• Investing activities: Refer to any investments that might impact the business’s available cash, such as when a company buys or sells equipment or property. Identifying these activities help businesses realize whether it is necessary to reign in their spending or if they can purchase new equipment or make any other investments without significantly impacting the business’s available cash levels.
  • Financing activities: In this section, businesses record information about their bonds or stocks, including their remaining cash after selling or issuing securities or dividends.

Understanding Negative Cash Flow

Business owners can benefit from realizing that negative cash flow does not necessarily suggest that their businesses are unsuccessful. For instance, when business owners decide to make significant investments in the business, which involve new premises or equipment, these expenses may significantly reduce the business’s cash flow. However, these investments may have excellent long-term benefits for the company, such as enhanced maximum output levels, making the negative cash flow worthwhile in the short term. That said, consistent negative cash flow is usually an indicator of a poor-performing business and suggests that changes are necessary for the business to become profitable and survive.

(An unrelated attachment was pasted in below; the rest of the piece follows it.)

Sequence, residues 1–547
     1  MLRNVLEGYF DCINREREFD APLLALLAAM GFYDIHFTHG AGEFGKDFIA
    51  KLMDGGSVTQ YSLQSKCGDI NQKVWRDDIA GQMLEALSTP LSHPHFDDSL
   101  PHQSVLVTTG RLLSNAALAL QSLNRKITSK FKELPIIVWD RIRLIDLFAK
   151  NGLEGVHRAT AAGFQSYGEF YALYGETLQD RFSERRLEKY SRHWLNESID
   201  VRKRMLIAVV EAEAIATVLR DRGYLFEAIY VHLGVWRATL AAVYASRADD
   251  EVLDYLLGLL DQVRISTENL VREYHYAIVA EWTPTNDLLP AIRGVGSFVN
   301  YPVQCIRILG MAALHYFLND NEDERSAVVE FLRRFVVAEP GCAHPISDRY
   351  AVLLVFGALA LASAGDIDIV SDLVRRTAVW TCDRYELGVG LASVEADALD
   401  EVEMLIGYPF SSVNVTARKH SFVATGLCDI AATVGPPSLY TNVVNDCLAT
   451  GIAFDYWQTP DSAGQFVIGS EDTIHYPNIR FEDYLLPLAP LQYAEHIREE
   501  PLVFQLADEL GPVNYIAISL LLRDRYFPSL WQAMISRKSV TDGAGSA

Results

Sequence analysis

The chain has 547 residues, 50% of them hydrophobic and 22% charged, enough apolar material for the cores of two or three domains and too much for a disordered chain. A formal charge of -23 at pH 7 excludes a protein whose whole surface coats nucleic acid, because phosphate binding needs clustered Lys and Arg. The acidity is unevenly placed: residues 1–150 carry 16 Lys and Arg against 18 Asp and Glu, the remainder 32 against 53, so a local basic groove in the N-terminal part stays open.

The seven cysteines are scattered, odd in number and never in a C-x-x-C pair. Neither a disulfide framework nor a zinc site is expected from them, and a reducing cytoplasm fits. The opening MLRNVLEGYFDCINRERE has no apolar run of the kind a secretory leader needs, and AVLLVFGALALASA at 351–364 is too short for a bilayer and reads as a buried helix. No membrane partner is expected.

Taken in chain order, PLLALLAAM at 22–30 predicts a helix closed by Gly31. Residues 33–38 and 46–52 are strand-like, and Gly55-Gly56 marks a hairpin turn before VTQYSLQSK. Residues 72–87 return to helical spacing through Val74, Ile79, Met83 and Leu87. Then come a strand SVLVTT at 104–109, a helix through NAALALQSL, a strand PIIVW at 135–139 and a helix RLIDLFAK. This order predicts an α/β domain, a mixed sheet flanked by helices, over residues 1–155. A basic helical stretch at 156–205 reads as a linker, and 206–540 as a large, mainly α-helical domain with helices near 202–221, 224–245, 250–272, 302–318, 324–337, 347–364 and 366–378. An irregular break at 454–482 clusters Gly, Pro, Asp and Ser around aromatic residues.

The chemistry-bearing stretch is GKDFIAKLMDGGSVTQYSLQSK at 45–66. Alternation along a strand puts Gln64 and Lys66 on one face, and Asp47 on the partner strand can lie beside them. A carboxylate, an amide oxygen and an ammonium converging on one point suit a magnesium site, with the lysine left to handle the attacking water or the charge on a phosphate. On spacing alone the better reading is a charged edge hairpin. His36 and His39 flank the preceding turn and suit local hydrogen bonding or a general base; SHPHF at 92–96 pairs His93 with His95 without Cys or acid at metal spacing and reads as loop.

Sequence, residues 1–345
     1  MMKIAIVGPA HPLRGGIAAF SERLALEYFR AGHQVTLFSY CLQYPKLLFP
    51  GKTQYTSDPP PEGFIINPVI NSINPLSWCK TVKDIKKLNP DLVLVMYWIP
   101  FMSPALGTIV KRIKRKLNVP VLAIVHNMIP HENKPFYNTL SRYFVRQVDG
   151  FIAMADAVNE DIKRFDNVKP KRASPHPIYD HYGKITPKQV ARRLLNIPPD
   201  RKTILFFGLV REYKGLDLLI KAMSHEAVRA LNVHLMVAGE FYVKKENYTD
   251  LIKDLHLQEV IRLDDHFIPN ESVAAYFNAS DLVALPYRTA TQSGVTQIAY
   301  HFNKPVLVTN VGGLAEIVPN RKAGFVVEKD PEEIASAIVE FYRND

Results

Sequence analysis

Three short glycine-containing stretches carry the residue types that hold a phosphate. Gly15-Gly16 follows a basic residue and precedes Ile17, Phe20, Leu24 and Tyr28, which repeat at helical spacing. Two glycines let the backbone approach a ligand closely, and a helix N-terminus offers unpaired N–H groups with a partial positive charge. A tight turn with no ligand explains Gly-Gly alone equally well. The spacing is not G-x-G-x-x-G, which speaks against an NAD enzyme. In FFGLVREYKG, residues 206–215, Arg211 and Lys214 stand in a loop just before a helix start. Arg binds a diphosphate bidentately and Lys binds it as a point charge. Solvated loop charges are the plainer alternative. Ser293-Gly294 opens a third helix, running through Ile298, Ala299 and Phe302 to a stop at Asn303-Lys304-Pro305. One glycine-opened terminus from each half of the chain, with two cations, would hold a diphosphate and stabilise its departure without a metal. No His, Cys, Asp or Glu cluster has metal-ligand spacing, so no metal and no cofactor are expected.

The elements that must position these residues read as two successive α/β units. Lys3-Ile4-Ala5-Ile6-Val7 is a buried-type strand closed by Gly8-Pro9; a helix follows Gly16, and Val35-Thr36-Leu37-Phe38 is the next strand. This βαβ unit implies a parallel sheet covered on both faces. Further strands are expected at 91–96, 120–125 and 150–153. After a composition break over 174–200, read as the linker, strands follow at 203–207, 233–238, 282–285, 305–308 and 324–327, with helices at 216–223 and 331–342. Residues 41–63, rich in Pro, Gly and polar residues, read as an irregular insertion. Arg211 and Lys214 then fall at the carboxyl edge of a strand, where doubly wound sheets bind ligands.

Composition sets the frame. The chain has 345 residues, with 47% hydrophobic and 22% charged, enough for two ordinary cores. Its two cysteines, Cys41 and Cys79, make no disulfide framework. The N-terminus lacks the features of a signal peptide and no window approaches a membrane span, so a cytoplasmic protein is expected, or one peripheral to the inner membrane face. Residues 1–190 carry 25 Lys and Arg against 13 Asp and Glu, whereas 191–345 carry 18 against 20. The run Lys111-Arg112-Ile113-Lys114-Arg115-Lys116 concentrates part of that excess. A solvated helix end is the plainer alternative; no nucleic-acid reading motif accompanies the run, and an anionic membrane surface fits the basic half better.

What Is a Profit and Loss Statement?

According to the Corporate Finance Institute, a P&L statement is a financial document outlining how a business performed during a specific period, such as a month, quarter, or year. Also known as income statements, P&L statements differ from cash flow statements, as these documents focus on the business’s profit and losses instead of cash flow. Rather than determining whether they have enough cash to purchase certain things, P&L statements enable business owners to see whether their businesses are generating a profit. A Profit & Loss Statement typically outlines the business’s income, expenses, and earnings alongside other figures that help business owners determine the financial health of their businesses.

When To Use Cash Flow and P&L Statements

Here are some of the main situations when it can be beneficial to use cash flow and P&L statements: